All healthcare personnel (HCP), regardless of age, should receive a single dose of Tdap as soon as feasible if they have not previously received Tdap and regardless of the time since last Td dose.
  Tdap is not currently licensed for multiple administrations. After receipt of Tdap, HCP should receive routine booster immunization against tetanus and diphtheria according to previously published guidelines. Pregnant HCP should receive additional doses of Tdap during each pregnancy.
  Hospitals and ambulatory-care facilities should provide Tdap for HCP and use approaches that maximize vaccination rates (e.g., education about the benefits of vaccination, convenient access, and the provision of Tdap at no charge).
To view this and other recommendations for healthcare personnel, go to "Immunization of Health-Care Personnel" (MMWR 2011;60[SS-7]:4-46) at www.cdc.gov/mmwr/pdf/rr/rr6007.pdf.
Instead of giving tetanus/diphtheria toxoid and acellular pertussis (Tdap) vaccine to a father-to-be that needed protection against pertussis, we mistakenly gave him tetanus/diphtheria (Td) toxoid. How soon after the Td dose can we give him the dose of Tdap he needs?
All parents, grandparents, healthcare workers, and all others of any age who have not already received Tdap, and especially those who are close contacts of infants younger than age 12 months, should receive a single dose of this vaccine as soon as possible to protect infants from pertussis. For example, if you had immediately realized that you had mistakenly given the father-to-be Td instead of Tdap, you could have given him the needed Tdap dose at the same visit at which you gave him the erroneous Td dose.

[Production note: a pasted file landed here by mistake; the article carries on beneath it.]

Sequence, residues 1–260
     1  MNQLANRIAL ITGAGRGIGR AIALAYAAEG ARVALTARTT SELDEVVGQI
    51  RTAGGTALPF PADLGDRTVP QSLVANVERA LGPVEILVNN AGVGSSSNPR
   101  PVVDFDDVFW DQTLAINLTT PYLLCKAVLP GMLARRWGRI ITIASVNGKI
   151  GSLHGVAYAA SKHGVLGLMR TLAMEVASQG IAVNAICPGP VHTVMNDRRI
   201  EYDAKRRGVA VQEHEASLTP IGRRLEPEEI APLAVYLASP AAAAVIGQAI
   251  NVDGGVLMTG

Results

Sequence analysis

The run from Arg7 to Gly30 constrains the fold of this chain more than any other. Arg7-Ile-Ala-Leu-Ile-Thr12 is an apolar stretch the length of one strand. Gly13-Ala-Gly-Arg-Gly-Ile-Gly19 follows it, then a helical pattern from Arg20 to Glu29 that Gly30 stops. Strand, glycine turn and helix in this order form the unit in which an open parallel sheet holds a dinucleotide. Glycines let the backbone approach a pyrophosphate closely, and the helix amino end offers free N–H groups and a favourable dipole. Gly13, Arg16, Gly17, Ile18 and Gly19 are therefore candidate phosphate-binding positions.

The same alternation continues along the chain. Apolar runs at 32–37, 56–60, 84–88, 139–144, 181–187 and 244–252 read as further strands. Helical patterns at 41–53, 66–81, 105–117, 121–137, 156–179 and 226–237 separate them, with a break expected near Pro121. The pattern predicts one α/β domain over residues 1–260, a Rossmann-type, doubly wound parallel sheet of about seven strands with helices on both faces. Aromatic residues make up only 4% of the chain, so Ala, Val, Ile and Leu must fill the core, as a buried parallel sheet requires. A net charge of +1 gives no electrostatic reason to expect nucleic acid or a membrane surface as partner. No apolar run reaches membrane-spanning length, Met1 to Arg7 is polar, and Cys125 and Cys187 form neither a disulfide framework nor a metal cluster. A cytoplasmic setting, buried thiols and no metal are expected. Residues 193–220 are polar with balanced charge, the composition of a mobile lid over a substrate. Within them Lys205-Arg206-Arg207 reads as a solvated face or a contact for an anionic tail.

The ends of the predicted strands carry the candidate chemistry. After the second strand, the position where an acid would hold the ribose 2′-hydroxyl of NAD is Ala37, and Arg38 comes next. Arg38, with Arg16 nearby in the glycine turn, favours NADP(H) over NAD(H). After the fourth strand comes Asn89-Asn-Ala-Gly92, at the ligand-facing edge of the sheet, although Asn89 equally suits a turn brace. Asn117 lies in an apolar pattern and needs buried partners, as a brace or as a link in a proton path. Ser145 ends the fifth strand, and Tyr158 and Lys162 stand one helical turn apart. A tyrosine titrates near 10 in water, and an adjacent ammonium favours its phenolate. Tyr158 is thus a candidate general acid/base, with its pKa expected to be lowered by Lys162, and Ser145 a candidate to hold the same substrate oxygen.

Can a booster dose of Tdap be given to people age 65 years and older?
Yes. ACIP recommends a single dose of Tdap be given to all adults, including those age 65 years or older, especially adults who have or anticipate having close contact with an infant younger than age 12 months (e.g., grandparents, childcare providers).
Please review the current recommendations for the use of Tdap in adults.
ACIP recommends the following:
All adults ages 19 years and older who have not yet received a dose of Tdap should receive a single dose.
  All pregnant women should receive a dose of Tdap during each pregnancy, preferable between 27 and 36 weeks' gestation. Women who have never received Tdap
and who do not receive it during pregnancy should receive it immediately postpartum.
  The Tdap dose can be given regardless of the interval since the person last received a tetanus or diphtheria toxoid-containing vaccine.
  Providers should not miss an opportunity to vaccinate adults ages 65 years and older with Tdap. When feasible, give Boostrix to adults age 65 and older.
However, either vaccine product provides protection and is considered valid for use in people in this age group.
  For adults not previously vaccinated with Tdap who need wound management care to prevent tetanus, Tdap is preferred over Td.
Is there an upper age limit for Tdap administration? For example, should I vaccinate an 85-year-old?
There is no upper age limit for Tdap vaccination. A single dose of Tdap is recommended for all adults.
If a teen or adult patient received a dose of Td vaccine 2 years ago, should I wait approximately 8 more years before administering a dose of Tdap to the patient?
No. ACIP recommends that people age 11 through 64 who have not yet received Tdap receive a single dose of Tdap now. ACIP specifies no waiting interval between administering Td and Tdap to anyone in this age group. Adults age 65 years and older do not need to delay Tdap vaccination following Td either.